Title: Dual Scale Modeling of RNA
Speaker: David Mathews, University of Rochester Medical Center, Department of Biochemistry & Biophysics and Biostatistics & Computational Biology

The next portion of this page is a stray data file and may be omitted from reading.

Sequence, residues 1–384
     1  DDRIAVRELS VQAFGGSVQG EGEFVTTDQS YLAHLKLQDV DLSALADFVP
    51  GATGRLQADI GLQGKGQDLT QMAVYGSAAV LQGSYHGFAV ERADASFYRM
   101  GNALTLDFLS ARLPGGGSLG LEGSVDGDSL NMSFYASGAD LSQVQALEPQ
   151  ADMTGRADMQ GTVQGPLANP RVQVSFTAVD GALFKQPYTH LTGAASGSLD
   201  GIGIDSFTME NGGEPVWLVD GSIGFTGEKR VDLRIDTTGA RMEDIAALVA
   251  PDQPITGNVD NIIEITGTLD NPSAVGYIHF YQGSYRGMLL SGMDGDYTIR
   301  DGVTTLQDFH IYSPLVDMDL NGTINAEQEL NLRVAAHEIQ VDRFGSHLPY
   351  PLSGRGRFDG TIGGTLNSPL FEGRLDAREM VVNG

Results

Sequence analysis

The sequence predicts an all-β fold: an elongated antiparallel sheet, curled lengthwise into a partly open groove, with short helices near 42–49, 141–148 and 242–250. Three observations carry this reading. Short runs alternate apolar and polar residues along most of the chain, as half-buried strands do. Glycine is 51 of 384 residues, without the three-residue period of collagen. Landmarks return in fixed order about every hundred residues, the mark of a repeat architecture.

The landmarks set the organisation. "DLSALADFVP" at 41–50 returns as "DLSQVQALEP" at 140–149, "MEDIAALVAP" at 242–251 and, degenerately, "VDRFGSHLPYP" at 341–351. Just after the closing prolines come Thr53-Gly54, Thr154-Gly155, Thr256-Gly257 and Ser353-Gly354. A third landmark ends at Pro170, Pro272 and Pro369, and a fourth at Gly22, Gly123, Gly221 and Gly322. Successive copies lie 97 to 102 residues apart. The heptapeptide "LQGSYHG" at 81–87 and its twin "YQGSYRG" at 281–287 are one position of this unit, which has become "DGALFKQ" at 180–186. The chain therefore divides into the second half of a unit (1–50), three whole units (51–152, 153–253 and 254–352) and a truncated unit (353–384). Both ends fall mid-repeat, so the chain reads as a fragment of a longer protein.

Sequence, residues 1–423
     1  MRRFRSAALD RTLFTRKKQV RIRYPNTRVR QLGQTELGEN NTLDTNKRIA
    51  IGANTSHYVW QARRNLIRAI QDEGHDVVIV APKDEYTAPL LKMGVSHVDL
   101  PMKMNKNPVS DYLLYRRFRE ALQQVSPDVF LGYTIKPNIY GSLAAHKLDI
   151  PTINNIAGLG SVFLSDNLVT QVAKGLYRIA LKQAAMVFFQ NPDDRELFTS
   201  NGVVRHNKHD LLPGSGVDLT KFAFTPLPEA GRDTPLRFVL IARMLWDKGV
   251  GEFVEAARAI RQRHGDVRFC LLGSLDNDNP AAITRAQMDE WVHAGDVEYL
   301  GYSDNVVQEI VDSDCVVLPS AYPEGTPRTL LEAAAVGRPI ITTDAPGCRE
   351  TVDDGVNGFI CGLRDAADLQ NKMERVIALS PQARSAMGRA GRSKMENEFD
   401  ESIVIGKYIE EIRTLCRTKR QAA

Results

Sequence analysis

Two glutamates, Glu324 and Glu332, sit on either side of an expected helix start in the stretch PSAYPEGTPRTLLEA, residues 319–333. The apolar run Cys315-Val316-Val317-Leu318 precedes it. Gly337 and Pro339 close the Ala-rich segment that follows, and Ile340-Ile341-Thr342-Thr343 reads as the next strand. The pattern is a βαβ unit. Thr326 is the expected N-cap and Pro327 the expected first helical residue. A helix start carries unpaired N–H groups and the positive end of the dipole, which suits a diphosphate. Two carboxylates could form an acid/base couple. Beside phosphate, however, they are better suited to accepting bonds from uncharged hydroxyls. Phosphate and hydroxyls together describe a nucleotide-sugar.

Abstract Recent discoveries have demonstrated that RNA serves many important cellular functions that were previously unknown. For example, it is RNA in the ribosome that catalyzes peptide bond formation and RNA is important in post-transcription gene regulation through RNAi. Given the recent awareness that RNA serves many important, previously unknown functions, there is interest in the discovery of novel functional RNA sequences, called non-coding RNA (ncRNA), in genomes. On the basis of predicted secondary structure formation free energy change, we have developed a sensitive and specific method for ncRNA discovery in crudely aligned genomes. For RNA to function, structures must be flexible. Conformational changes have been shown to be important for ribosome function and for RNA self-splicing. We have implemented the nudged elastic band (NEB) methodology in the AMBER molecular dynamics software package to determine low energy pathways for conformational changes. NEB can be used to quantitatively determine pathways of any timescale. We have modeled the conformation change of a GG non-canonical pair. Our results demonstrate the plasticity of RNA helices and that NEB can be used to find complex pathways for conformational changes.